Georgia Bulletin

The Newspaper of the Catholic Archdiocese of Atlanta

‘Committed to work for racial justice and harmony’

By ARCHBISHOP WILTON D. GREGORY, Commentary | Published August 4, 2016  | En Español

Many well-known gestures of public honor and reverence can be observed in both religious and secular societies. We Catholics kneel, genuflect and bow before the Blessed Sacrament. We incline our heads at the mention of the names of Jesus and Mary. We bless ourselves with holy water when we enter church. We have a host of ways to give physical expression to our reverence for God and for the things of God.

Likewise the secular world has its own signs of honor for people and events. In Western societies, men once formally tipped their hats when in the presence of a lady. Many sports figures continue to do the same when they are recognized or applauded. The military world employs many expressions of respect, which include salutes, precision marches and those disciplined, unwavering gazes of honor guards, which do not flinch at any potential distraction.

An almost universal expression of reverence has become the lowering of a nation’s flags to half staff at the death of a hero or an important public figure, or commonly used in the face of a great tragedy. We have had to employ this particular gesture far too often recently.

We now lower our country’s flag in honor of victims and communities who have endured catastrophic acts of unprovoked violence. During the past several weeks our nation’s flags have been lowered so frequently that we might lose track of the specific tragedy being recognized. From Orlando to Nice, from Dallas to Baton Rouge, we lowered our flags to recognize the dreadful events that recently have occurred there.

Many others might well suggest that the nation needs a way to show public grief for the deaths of men of color and the sorrow and frustration felt across communities in the wake of these tragedies.

Such violence lately has become so commonplace that we risk being desensitized to the brutal killings of persons of color, of police and first responders, of innocent bystanders, or members of the LGBTQ community in clubs, young students in schools, shoppers in malls, and folks just watching a movie at a cinema.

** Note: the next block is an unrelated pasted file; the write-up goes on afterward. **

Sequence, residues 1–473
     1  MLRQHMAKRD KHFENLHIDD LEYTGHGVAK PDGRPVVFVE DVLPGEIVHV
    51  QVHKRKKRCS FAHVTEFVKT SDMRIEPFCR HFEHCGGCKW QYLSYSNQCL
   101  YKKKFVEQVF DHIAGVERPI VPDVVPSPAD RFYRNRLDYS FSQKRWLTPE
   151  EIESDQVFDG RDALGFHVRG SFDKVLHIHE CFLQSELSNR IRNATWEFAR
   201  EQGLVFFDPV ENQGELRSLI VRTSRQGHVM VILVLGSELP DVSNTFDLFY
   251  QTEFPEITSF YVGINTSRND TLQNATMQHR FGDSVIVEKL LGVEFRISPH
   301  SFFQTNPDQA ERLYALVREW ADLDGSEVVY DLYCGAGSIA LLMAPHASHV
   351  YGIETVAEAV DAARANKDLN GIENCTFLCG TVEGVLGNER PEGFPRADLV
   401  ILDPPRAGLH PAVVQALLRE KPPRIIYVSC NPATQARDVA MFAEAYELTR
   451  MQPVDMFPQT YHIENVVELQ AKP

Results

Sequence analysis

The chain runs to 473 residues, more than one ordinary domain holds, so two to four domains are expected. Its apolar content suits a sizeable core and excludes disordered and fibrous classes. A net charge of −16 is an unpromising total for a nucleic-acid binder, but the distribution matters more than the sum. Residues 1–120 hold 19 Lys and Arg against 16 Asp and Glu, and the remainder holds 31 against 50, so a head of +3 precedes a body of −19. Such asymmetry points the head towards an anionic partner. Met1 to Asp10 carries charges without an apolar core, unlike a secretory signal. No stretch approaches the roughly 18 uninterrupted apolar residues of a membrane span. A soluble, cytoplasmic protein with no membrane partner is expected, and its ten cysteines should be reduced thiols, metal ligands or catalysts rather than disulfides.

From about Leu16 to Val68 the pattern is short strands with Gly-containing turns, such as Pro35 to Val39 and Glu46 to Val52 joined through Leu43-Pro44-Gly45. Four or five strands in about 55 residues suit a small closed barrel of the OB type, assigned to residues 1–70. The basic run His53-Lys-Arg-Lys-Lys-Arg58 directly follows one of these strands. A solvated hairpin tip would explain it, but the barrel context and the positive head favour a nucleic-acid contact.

Lowering a flag, to be truly meaningful, ultimately must be accompanied by a determination to do more in response to such tragedies. Lowering a flag at the death of a famous person or government official is an expression of sorrow and respect at the loss. Lowering a flag in the face of brutality must be only the initial external expression of a people dedicated to rectifying the causes of these acts of violence and brutality. If our serious resolve to address the roots of violence is absent from this gesture, then we have done a disservice to both the flag of the United States of America, and to the Republic for which it stands: “one Nation, under God, indivisible, with liberty and justice for all.”

Violence such as that which we recently have seen so often is the result of unbridled hatred, either ideologically inspired or as the result of severe mental depravity, or perhaps a combination of the two. Such savagery has been made more frequent and horrible by the proliferation of guns because of our apparent inability to balance the right to bear arms with measures to ensure that unstable personalities do not have easy access to them.

We have witnessed the slaughter of people who were singled out because of their race, religion, sexual orientation or their profession. We’ve seen the loss of people whose hands may have been raised in surrender or who were fleeing and not posing any immediate threat, and others who have been targeted simply because of their profound professional commitment to serve and to protect and the uniform that they wore.

These acts of hatred and brutality are now an international phenomenon, and they flood social media so regularly that we might be tempted to despair at the horror. But despair, among so many other perverse motivations, is just what the perpetrators hope to accomplish.

Our Catholic faith and our love for our country must compel us to resolve to address the issues that lie beneath these acts of violence. We must be committed to work for racial harmony and justice for every person, to restore the proper dignity that must belong to those men and women who serve us as first responders, to renew our respect for all human life, to understand more fully the mercy of God that we have received and are called to extend to all others.

“… One Nation, under God, indivisible, with liberty and justice for all.”